A Partial Index of the Circular Letters
of the Mississippi Baptist Association
By T. C. Schilling
1808 The first "circular letter" to be published in the minutes was written by Thomas Mercer, his subject being the "Barren Fig Tree."
1810 The venerable Moses Hadley wrote the circular letter of the body on "Religious Declension," an able document, in which he treats the causes and the cure in a forcible manner.
1812 Moses Hadley wrote again, on "Union of Churches."
1824 Mr. John Smith had prepared the circular letter on "Contribution for Religious Purposes," and it is published in this year's minutes. The letter makes a strong plea for greater liberality in the cause of religion, and especially for pastoral support, as the following interesting extract will show:1825 The circular letter was on "Christian Zeal," and was written by Elliott Estes.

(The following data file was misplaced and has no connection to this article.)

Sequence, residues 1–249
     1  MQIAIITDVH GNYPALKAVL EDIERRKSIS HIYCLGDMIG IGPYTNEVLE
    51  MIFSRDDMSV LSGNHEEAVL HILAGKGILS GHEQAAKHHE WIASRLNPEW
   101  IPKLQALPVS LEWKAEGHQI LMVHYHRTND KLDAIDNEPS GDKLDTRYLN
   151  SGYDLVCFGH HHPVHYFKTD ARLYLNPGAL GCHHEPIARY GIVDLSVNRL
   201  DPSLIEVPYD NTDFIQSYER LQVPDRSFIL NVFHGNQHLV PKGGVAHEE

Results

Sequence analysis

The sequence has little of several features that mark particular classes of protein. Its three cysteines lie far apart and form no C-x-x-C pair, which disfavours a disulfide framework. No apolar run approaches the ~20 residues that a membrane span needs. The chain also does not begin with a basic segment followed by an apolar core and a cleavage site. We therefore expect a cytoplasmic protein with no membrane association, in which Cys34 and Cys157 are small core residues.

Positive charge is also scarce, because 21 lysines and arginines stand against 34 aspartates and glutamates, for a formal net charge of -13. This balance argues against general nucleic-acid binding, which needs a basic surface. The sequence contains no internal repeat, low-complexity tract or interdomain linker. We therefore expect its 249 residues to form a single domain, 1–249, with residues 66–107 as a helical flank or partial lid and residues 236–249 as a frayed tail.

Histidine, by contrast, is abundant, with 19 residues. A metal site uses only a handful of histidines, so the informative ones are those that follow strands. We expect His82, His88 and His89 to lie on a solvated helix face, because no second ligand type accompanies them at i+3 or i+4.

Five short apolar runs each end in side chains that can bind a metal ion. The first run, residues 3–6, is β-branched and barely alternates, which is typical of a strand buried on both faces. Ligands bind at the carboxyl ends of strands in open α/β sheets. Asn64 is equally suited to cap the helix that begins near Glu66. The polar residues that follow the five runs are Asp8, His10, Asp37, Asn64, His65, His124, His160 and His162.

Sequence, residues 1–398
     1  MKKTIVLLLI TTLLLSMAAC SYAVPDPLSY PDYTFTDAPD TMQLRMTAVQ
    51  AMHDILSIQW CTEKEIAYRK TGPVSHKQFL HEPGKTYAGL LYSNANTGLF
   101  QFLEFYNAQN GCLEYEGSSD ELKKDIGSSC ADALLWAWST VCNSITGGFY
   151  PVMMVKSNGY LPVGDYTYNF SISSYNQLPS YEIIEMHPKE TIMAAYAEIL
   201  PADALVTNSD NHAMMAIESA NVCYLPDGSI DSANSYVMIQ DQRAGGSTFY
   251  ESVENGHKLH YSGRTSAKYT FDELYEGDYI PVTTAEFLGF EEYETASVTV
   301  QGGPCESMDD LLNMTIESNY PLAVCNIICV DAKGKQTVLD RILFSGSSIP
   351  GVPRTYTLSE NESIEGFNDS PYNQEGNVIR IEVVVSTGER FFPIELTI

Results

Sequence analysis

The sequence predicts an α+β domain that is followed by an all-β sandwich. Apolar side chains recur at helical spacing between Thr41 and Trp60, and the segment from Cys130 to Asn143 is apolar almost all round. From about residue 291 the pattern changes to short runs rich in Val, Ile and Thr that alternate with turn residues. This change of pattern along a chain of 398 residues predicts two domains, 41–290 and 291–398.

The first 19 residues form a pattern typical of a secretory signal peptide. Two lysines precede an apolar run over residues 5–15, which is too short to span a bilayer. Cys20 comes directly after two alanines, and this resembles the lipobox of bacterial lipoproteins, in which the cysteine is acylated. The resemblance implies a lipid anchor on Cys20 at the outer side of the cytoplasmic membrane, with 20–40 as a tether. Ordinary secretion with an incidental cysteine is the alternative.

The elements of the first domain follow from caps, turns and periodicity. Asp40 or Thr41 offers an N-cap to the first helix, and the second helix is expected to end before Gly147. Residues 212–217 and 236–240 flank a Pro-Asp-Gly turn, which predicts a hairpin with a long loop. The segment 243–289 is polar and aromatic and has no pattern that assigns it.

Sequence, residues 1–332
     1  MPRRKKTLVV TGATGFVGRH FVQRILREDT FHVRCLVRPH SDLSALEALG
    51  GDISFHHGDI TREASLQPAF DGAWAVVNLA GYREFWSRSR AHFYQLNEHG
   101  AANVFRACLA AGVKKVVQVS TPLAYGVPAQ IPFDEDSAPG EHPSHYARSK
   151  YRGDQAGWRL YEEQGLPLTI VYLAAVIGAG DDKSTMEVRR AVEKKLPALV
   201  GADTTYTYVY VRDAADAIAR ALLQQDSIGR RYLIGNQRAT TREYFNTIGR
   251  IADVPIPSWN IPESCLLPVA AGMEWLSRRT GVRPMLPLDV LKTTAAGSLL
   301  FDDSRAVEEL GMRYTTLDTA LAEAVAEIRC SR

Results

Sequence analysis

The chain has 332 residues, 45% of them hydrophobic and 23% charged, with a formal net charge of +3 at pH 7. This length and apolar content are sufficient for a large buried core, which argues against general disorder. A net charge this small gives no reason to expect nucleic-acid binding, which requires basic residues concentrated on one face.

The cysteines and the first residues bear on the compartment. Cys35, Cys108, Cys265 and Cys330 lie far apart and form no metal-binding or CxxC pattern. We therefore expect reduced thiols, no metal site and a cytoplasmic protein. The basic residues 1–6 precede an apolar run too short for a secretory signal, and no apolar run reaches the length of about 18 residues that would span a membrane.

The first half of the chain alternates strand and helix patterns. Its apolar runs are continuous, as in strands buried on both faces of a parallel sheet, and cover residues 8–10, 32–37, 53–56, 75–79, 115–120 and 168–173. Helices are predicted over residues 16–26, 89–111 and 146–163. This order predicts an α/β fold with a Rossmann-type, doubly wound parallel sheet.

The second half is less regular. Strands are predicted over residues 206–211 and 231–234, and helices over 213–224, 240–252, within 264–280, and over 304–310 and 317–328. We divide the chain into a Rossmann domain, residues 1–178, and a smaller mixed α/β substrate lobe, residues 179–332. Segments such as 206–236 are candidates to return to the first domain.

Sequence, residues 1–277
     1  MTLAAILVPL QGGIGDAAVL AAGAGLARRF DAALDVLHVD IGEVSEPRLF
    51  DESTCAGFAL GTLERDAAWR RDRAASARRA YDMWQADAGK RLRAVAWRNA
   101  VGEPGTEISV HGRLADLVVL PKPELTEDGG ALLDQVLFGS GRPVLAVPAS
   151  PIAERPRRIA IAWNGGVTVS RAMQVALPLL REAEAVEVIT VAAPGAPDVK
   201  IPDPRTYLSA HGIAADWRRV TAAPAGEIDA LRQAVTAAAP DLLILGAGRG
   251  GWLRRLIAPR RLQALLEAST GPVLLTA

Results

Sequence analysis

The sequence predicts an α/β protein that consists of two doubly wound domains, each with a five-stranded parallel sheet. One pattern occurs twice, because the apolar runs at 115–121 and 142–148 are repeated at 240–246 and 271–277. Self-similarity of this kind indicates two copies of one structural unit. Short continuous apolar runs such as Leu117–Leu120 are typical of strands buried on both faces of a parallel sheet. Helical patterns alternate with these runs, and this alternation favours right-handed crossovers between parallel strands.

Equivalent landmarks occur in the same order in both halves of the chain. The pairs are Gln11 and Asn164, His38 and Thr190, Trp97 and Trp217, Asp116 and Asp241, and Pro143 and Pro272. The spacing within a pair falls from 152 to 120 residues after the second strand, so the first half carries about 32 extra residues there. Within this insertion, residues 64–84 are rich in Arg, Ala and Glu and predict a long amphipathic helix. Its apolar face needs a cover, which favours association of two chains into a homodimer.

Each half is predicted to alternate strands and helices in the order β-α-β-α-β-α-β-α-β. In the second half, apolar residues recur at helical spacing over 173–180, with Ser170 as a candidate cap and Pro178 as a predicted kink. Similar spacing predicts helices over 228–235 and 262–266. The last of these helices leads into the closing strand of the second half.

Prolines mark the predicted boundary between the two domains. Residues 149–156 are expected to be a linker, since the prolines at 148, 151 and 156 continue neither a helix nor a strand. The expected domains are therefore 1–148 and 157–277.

"The minister of Christ has a work of infinite value committed to his trust; a work which he cannot neglect without wounding his own soul and dishonoring the cause of his divine Master. To this work he feels it his duty entirely to devote himself. This he is unable to do, however, unless his labors are reciprocated by those to whom he ministers. Ministers are earthen vessels to whom this treasure is committed, men of like passions as others, formed of the same clay, fed with the same aliment, clothed with the same raiment as others, and this clay must be nourished, this food provided, this raiment furnished to them as to other men. The Apostles and early ministers thought it not good for them to leave the Word of God to serve tables; and so in the present day, when the minister of the Word is compelled to abandon the holy calling six days in the week for the sustenance of the body, and to procure himself the means of traveling and preaching on the seventh, the church must be neglected, and languish in consequence. He has had no time during the fatigues of the week for study, for pious contemplation or retired communion with his God. His mind is unfurnished to convey instruction; his heart cold and languid. He cannot arouse his sleepy audience by feeling and pathetic exhortation, for he cannot feel. Discouraged in spirit, he cannot strengthen the weak hands and confirm the feeble knees of his brethren, for he needs the same kind offices."